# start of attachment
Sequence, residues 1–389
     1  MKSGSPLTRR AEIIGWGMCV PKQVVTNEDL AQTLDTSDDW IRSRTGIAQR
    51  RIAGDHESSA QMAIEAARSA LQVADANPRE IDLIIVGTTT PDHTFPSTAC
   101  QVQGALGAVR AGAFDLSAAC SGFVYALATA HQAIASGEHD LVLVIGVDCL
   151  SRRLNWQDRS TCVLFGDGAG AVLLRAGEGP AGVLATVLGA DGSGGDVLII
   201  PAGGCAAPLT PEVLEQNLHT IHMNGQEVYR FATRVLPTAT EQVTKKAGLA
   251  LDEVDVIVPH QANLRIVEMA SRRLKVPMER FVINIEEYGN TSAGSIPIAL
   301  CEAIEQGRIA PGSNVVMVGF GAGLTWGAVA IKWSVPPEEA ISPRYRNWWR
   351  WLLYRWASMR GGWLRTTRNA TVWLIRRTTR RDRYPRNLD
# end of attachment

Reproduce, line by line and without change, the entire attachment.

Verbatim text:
Sequence, residues 1–389
     1  MKSGSPLTRR AEIIGWGMCV PKQVVTNEDL AQTLDTSDDW IRSRTGIAQR
    51  RIAGDHESSA QMAIEAARSA LQVADANPRE IDLIIVGTTT PDHTFPSTAC
   101  QVQGALGAVR AGAFDLSAAC SGFVYALATA HQAIASGEHD LVLVIGVDCL
   151  SRRLNWQDRS TCVLFGDGAG AVLLRAGEGP AGVLATVLGA DGSGGDVLII
   201  PAGGCAAPLT PEVLEQNLHT IHMNGQEVYR FATRVLPTAT EQVTKKAGLA
   251  LDEVDVIVPH QANLRIVEMA SRRLKVPMER FVINIEEYGN TSAGSIPIAL
   301  CEAIEQGRIA PGSNVVMVGF GAGLTWGAVA IKWSVPPEEA ISPRYRNWWR
   351  WLLYRWASMR GGWLRTTRNA TVWLIRRTTR RDRYPRNLD